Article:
#WealthofTweets: Book 1.7

Of the Natural and Market Price of Commodities

9 Jan • 18 tweets • adamsmithworks/status/1347916009882136577

Wages, profits, and rents have “natural rates” regulated by the general conditions of the society in which they exist. (I.vii.1) #WealthOfTweets #SmithTweets

When the price of any commodity = price of rent + profit + labor + price of getting it to market, the commodity is sold at its “natural price.” (I.vii.4–5) #WealthOfTweets #SmithTweets

And that all means the commodity has been sold for what it is worth—what it really costs. (I.vii.5) #WealthOfTweets #SmithTweets

The price for which a commodity is sold ought to include a seller’s profit, because that’s how sellers pay themselves, just like they pay the wages of the laborers who work for them, who get their goods to market, etc. (I.vii.5) #WealthOfTweets #SmithTweet

Nerds among you may recognize the concept of economic profit here: it matters to the owners of stock whether they could have done better by using their stock elsewhere, not just whether they covered their costs. (I.vii.5) #WealthOfTweets #SmithTweets #WeLoveNerds

A seller might technically be able to sell for less, but is unlikely to do so for long, because if there’s no payment to seller, he’ll just go into another business. (I.vii.6) #WealthOfTweets #SmithTweets

Market price—which is what’s on the price tag—can be above or below or the same as the “natural price.” (I.vii.7) #WealthOfTweets #SmithTweets

There’s a difference between consumer demand and effectual demand. You can want all kinds of things, but unless you can pay, your demand isn’t effectual. This is why no one is building the SmithTweeters a house by the ocean. Yet. (I.vii.8–9) #WealthOfTweets #SmithTweets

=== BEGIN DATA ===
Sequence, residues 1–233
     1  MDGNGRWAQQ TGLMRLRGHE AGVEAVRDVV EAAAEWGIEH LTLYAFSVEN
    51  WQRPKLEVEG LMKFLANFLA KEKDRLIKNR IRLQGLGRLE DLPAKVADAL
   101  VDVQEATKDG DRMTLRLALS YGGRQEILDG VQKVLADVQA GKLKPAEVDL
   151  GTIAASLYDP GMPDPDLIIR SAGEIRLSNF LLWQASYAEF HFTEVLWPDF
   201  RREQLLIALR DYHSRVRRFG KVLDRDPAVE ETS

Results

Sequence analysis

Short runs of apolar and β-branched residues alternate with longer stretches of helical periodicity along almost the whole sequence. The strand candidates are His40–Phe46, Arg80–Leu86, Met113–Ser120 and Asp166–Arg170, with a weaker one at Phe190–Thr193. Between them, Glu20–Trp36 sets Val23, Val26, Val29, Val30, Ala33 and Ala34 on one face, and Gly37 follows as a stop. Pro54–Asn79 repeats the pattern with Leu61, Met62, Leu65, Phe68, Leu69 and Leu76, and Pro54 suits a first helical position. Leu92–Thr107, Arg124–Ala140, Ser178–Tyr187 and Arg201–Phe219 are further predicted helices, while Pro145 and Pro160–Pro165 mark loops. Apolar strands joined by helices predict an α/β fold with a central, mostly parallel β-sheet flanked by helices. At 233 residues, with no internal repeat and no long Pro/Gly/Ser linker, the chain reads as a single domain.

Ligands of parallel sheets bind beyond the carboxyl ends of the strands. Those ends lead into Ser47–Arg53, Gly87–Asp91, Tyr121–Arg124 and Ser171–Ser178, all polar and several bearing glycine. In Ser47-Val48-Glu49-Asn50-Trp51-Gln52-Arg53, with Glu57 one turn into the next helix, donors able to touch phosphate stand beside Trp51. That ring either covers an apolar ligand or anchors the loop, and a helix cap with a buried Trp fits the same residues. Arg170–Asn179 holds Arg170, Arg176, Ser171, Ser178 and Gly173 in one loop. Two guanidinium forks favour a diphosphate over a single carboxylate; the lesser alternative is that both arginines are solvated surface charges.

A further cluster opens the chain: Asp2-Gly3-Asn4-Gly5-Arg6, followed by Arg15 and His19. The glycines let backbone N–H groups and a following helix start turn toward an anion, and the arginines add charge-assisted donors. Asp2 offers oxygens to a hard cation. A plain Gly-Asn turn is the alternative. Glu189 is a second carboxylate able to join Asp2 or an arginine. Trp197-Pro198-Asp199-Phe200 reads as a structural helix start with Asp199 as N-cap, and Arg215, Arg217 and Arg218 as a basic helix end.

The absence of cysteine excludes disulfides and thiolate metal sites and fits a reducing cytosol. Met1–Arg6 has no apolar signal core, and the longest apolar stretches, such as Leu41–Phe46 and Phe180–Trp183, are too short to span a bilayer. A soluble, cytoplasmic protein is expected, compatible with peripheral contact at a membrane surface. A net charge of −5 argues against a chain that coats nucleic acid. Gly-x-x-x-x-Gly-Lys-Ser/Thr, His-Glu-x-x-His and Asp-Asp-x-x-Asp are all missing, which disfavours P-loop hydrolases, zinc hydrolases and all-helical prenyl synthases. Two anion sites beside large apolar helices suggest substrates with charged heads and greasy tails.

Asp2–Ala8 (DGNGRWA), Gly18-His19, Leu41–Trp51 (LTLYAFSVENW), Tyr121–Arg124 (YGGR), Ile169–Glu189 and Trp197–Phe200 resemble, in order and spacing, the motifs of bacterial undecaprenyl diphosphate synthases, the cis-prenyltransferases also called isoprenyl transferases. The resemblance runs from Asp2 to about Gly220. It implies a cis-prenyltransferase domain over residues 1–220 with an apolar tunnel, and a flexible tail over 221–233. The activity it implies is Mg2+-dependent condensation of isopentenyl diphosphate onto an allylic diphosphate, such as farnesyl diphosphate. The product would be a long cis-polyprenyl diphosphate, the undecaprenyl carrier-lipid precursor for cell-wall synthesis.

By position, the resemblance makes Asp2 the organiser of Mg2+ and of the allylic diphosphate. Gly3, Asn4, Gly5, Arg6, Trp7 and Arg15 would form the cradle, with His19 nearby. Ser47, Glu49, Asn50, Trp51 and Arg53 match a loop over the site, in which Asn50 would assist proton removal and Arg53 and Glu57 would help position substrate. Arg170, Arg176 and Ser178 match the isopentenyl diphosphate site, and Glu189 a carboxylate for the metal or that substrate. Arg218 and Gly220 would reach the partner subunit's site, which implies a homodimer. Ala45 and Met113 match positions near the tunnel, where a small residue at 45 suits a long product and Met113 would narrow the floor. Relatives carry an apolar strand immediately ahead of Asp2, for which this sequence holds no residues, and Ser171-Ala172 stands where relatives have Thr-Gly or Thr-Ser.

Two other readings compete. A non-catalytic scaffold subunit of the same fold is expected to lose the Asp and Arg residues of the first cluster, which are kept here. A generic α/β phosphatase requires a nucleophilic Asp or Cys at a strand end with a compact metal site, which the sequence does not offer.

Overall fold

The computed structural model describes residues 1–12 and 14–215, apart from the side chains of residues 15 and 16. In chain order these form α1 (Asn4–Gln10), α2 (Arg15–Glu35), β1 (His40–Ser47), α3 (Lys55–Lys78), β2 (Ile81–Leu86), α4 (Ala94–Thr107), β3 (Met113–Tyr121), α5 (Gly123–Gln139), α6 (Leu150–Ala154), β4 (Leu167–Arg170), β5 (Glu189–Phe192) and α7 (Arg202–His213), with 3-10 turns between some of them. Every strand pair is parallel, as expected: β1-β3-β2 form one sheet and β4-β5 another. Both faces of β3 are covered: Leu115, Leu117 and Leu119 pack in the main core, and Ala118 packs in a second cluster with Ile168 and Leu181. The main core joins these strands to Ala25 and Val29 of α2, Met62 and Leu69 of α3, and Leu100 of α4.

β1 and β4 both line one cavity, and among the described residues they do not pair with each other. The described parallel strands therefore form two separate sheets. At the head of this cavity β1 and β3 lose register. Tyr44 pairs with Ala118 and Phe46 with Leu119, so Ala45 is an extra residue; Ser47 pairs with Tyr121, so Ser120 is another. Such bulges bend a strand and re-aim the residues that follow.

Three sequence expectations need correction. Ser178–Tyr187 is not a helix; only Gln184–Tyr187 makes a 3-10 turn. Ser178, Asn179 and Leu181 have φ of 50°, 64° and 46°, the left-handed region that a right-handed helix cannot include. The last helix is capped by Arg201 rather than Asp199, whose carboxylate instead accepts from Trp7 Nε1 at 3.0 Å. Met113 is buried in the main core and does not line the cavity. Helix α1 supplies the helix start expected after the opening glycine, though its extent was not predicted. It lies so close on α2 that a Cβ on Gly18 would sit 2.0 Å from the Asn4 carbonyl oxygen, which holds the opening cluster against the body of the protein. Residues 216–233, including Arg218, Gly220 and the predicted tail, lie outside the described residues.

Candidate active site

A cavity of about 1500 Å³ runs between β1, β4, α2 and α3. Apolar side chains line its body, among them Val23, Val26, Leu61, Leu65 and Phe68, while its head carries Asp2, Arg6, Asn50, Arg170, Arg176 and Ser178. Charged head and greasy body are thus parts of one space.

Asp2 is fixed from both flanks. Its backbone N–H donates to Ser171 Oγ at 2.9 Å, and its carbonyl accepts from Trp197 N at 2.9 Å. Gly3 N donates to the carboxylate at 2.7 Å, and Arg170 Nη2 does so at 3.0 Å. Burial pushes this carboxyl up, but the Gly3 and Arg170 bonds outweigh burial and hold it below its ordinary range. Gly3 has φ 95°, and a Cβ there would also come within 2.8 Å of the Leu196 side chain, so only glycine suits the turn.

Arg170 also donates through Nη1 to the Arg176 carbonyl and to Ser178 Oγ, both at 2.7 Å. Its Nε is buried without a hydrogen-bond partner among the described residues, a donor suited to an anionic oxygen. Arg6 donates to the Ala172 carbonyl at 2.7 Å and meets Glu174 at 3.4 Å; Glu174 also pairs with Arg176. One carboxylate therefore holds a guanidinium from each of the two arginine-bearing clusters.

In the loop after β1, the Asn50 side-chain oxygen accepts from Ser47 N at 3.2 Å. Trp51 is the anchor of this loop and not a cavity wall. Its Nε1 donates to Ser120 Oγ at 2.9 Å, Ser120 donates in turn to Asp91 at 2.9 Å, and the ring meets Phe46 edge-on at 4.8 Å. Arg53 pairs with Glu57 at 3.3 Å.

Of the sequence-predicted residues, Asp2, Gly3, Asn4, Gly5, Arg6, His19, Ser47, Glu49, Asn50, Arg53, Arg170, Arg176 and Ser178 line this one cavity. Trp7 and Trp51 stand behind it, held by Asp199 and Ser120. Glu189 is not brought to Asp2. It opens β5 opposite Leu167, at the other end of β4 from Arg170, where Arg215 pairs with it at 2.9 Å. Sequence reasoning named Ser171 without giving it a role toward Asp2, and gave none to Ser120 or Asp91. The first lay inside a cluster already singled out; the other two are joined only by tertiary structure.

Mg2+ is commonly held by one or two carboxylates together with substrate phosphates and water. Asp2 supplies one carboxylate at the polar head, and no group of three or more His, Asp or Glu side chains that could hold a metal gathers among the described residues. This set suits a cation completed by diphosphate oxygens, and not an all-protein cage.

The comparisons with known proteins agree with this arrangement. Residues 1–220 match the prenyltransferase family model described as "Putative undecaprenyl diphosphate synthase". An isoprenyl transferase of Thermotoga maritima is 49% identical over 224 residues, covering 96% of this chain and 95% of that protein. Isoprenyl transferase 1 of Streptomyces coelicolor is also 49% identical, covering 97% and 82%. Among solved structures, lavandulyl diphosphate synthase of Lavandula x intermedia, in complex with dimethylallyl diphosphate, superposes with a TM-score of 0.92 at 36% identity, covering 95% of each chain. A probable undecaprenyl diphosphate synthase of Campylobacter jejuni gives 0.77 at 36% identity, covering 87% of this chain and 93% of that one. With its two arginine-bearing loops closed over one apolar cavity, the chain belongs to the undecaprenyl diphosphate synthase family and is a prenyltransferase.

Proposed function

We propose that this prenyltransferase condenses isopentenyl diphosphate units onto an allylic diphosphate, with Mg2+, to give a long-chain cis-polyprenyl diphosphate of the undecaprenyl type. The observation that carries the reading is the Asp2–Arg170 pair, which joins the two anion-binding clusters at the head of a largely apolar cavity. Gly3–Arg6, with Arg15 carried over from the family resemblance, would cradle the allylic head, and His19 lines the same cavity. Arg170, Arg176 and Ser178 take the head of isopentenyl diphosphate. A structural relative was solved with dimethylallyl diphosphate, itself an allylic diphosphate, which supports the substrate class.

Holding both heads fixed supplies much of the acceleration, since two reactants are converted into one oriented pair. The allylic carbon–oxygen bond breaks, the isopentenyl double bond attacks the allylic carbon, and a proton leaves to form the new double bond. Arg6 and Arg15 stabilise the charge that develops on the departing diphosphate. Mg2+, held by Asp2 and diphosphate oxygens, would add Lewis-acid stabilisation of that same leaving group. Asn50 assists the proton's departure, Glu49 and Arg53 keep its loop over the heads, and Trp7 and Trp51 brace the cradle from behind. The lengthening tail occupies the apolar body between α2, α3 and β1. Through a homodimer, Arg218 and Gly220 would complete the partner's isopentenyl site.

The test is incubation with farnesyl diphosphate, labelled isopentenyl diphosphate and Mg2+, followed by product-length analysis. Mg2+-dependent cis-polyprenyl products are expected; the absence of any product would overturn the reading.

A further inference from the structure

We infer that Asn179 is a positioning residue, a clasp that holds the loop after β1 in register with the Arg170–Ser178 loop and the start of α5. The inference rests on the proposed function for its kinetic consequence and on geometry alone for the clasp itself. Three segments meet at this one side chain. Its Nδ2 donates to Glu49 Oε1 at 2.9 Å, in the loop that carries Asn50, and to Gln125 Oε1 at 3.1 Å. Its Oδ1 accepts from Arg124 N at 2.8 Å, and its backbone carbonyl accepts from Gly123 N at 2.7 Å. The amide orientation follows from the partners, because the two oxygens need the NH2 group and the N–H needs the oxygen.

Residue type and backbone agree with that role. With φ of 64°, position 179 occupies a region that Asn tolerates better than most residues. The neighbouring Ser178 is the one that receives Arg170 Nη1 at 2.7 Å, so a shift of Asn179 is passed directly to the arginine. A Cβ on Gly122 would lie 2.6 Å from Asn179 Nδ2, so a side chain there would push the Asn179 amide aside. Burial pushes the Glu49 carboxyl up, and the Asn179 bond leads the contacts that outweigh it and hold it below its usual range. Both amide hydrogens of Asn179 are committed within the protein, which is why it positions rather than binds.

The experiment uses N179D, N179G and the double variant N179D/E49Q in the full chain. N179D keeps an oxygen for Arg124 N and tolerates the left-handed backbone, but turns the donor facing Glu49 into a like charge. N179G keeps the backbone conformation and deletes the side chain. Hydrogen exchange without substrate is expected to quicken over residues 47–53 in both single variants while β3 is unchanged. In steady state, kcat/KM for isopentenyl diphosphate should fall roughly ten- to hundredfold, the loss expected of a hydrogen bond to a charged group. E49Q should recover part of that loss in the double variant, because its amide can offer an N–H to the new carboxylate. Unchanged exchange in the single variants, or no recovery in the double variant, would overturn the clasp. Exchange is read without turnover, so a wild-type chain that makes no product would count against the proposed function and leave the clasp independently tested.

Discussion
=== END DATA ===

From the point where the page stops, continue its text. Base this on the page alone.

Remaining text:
If lots of people want something and are able to pay for it, the price will go up, particularly as an item becomes scarce. This is because of competition between buyers. (I.vii.9) #WealthOfTweets #SmithTweets

When there’s lots of something, and people don’t want as much of it, the price goes down as sellers compete to get rid of excess goods (especially if they're perishable). (I.vii.10) #WealthOfTweets #SmithTweets(Don’t you economist types have a graph for this, or something?) #SupplyAndDemand #WealthOfTweets #SmithTweets

No big deal this is just market dynamics helping prices tend toward their "natural" level. Google might try to tell you that Cournot invented equilibrium price in 1838 BUT HERE IT IS IN SMITH IN 1776, Y'ALL! (I.vii.11–15) #WeHaveOurOwnFun #WealthOfTweets #SmithTweets

The trick is to try to bring to market the right amount of the right commodities at the right time, and this is harder for some commodities than others (I.vii.15–19) #WealthOfTweets #SmithTweets

“A publick mourning raises the price of black cloth.” Most emo Smith quote ever. (I.vii.19) #WealthOfTweets #SmithTweets

We wonder what Smith would think about the fight over the blackest black and the pinkest pink? (I.vii.22) #WealthOfTweets #SmithTweets

https://www.wired.com/story/vantablack-anish-kapoor-stuart-semple/

Producers who are lucky or who can keep a secret might be able to sell above the natural price on an ongoing basis, but generally competition pushes prices back down. (I.vii.20–25) #WealthOfTweets #SmithTweets

Monopolies? Smith hates ‘em. (I.vii.26–29) #WealthOfTweets #SmithTweets

And here’s the plan for the next 4 chapters: wages; profit; the proportion between labor and stock; land rents. Stay tuned, Smith fans! We’ll see you tomorrow. (I.vii.33–37) #WealthOfTweets #SmithTweets



See Also: The AdamSmithWorks Reading Guide for this chapter.